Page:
Grade 9 is the start of an exciting phase of learning with new IGCSE subjects to delve into. Yet, it can also be daunting too – with the pressure of Grade 10 looming ahead and the urgency to “improve your grades before it’s too late”. We’ve found the perfect way for you to both enjoy your vacation and use it productively. Here’s introducing you to the world of books!
Reading widely not only supports written subjects such as English, History, Geography, Drama, Economics and Global Citizenship, but also gives you an awareness of the world around you. Giving you new perspectives through the experiences of others, it lays rich foundations for your future IB studies, thus enabling you to learn without even knowing it.
To get you started we have carefully hand picked a full list of valuable prose and drama texts from the IGCSE Literature curriculums as well as personal recommendations. The full list can be accessed at the bottom of this page. We hope you are able to read as many of these brilliant works from over the summer.
Here is Our Top 10 Reading list, with reviews from acclaimed critics:
- Hard Times by Charles Dickens (Prose)
“(A) passionate revolt against the whole industrial order of the modern world”
- George Bernard Shaw’s review
- Life of Pi by Yann Martel (Prose)
“A fabulous romp through an imagination by turns ecstatic, cunning, despairing and resilient, this novel is an impressive achievement—”a story that will make you believe in God,” as one character says.”
- Review by Publishersweekly.com
- The Whale Rider by Witi Ihimaera (Drama)
“The genius of the movie (Play) is the way it sidesteps all of the obvious cliches of the underlying story and makes itself fresh, observant, tough and genuinely moving.”
- Roger Ebert’s review of the movie based on the bestselling Play.
- Journey’s End by R C Sherriff (Drama)
“At the end of the evening, in common with the rest of the audience, I went out into the street ennobled and simplified by a superb experience … For ten years we have demanded the truth about the War…Here in this play, “Journey’s End,” it is at last recovered.”
- Hugh Walpole’s review in The Morning Post in 1929
- Picnic at Hanging Rock by Joan Lindsay (Prose)
“In the seemingly limitless pantheon of gone-girl literature, “Picnic at Hanging Rock” might take the prize for best setting.”
- Jia Tolentino’s review on Newyorker.com
- The Bonesetter’s Daughter by Amy Tan (Prose)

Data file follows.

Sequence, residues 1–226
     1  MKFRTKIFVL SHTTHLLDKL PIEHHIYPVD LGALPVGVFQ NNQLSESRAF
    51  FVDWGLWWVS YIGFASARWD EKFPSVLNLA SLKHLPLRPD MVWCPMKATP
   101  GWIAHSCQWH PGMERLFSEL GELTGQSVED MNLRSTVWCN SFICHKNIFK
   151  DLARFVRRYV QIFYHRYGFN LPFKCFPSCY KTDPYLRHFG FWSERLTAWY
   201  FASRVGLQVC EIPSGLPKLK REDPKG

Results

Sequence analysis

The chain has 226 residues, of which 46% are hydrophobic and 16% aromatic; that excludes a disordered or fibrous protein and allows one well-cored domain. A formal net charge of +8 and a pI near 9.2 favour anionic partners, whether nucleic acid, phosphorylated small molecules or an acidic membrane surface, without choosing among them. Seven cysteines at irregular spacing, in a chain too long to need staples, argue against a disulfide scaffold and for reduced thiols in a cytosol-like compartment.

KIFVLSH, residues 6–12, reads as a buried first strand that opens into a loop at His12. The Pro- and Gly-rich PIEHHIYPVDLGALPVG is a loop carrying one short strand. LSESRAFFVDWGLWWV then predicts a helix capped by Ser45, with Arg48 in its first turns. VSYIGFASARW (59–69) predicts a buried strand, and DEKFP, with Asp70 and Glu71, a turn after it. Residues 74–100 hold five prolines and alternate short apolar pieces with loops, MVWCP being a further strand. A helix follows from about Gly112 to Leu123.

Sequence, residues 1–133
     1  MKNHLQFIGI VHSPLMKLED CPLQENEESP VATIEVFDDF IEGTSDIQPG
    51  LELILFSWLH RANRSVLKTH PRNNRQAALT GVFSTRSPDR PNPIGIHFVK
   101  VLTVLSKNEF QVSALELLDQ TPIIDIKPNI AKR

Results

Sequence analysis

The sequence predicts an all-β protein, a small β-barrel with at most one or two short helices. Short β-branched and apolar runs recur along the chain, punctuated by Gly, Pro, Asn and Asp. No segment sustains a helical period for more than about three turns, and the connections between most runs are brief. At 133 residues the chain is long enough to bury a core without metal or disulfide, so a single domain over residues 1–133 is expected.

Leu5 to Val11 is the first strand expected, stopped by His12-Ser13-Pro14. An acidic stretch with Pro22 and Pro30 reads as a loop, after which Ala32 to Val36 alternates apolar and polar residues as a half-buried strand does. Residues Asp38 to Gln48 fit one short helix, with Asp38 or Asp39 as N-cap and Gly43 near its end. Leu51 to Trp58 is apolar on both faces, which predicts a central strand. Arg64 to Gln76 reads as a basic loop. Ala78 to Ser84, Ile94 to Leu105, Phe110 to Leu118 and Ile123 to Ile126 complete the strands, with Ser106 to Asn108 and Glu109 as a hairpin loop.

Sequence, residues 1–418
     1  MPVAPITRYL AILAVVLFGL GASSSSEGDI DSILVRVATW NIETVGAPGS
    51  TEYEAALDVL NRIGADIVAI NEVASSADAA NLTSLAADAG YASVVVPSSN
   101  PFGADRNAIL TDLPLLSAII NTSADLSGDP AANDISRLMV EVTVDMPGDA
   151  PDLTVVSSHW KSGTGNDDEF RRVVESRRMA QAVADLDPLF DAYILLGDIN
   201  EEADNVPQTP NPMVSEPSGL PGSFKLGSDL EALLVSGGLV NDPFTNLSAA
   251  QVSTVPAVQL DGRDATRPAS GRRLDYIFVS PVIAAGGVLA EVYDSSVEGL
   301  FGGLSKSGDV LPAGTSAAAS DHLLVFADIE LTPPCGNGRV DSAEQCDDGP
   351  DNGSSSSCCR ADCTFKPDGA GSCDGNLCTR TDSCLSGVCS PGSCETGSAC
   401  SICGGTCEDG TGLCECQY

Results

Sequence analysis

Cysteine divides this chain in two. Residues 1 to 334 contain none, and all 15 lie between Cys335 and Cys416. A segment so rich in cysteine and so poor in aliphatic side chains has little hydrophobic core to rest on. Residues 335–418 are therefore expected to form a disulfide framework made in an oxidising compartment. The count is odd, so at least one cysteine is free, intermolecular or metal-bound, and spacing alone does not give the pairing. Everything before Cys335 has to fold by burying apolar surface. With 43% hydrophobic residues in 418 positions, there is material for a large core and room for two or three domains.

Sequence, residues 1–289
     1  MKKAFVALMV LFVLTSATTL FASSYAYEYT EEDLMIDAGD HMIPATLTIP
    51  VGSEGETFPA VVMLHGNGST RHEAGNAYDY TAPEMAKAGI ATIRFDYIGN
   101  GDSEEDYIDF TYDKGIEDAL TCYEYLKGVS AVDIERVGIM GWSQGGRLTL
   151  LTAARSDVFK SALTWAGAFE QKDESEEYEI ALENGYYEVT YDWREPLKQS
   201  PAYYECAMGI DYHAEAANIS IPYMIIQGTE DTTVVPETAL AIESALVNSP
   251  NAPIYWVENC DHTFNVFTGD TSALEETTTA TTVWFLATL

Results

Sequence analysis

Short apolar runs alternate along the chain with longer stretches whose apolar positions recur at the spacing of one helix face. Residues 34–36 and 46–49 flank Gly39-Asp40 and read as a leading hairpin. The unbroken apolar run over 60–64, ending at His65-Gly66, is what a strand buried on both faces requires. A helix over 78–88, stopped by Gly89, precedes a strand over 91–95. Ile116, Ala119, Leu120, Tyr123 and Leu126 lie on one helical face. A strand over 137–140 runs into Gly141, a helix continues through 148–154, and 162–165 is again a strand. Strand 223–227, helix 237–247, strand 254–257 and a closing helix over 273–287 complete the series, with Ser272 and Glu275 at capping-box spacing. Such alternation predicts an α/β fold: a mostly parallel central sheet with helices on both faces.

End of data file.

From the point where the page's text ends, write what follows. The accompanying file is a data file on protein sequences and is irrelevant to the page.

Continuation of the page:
“The secret of Amy Tan’s enormous popularity is her ability to give a western audience nicely finessed representations of the exotic while convincing them of the universality of her themes. Here, as previously, her subject is the tension between a first-generation Chinese-American woman and her awkwardly semi-assimilated mother. Tan is at once standing on the inside – the purveyor of secret histories and forgotten traditions – and shaking her head in bewilderment from without.”
- The Guardian, dated March 24, 2001
- Dr.Jekyll and Mr. Hyde by Robert L Stevenson (Prose)
“I don’t believe that there was ever such a literary feat before as the writing of Dr Jekyll. I remember the first reading as though it were yesterday. Louis came downstairs in a fever; read nearly half the book aloud; and then, while we were still gasping, he was away again, and busy writing. I doubt if the first draft took “so long as three days.”
- Lloyd Osborne, Stevenson’s stepson, talking about the novel and Stevenson’s writing experience
- Of Mice and men by John Steinbeck (Prose)
“The book is great, not only because of the great use of description, but the characters, because Steinbeck shows how children are, in some cases, better people than adults in the way that they do not judge people because they do not see people or things from that point of view.”
- Children’s Review, The Guardian, dated, 21 December 2013
- A Raisin in the Sun by Lorraine Hansberry (Drama)
“In some ways …Miss Williams’s (a character in the play) flinty, intelligent underplaying keeps sentimentality at bay to give us a woman of commanding strength and pride. In her triumphant final moment – in which she takes a last look at her tenement home before leaving it forever – we can almost feel Lorraine Hansberry herself looking ahead to the future that she helped make but, tragically, never knew.”
- Frank Rich, writing for the 25th Anniversary of the play, in The New York Times, dated Oct. 5, 1983
- An Inspector Calls by JB Priestley (Drama)
“An Inspector Calls is scathing in its criticism of middle-class hypocrisy. The play gives voice to Priestley’s strong socialist principles, and carries a clear moral message, stressing the importance of social responsibility: ‘We don’t live alone. We are members of one body. We are responsible for each other”
- The British Library
We’ve designed a printable version of our Top 10 reading list to help you track your progress and reflect on the book(s) as you read.
You can download it using the button below. Feel free to print and share with your friends too.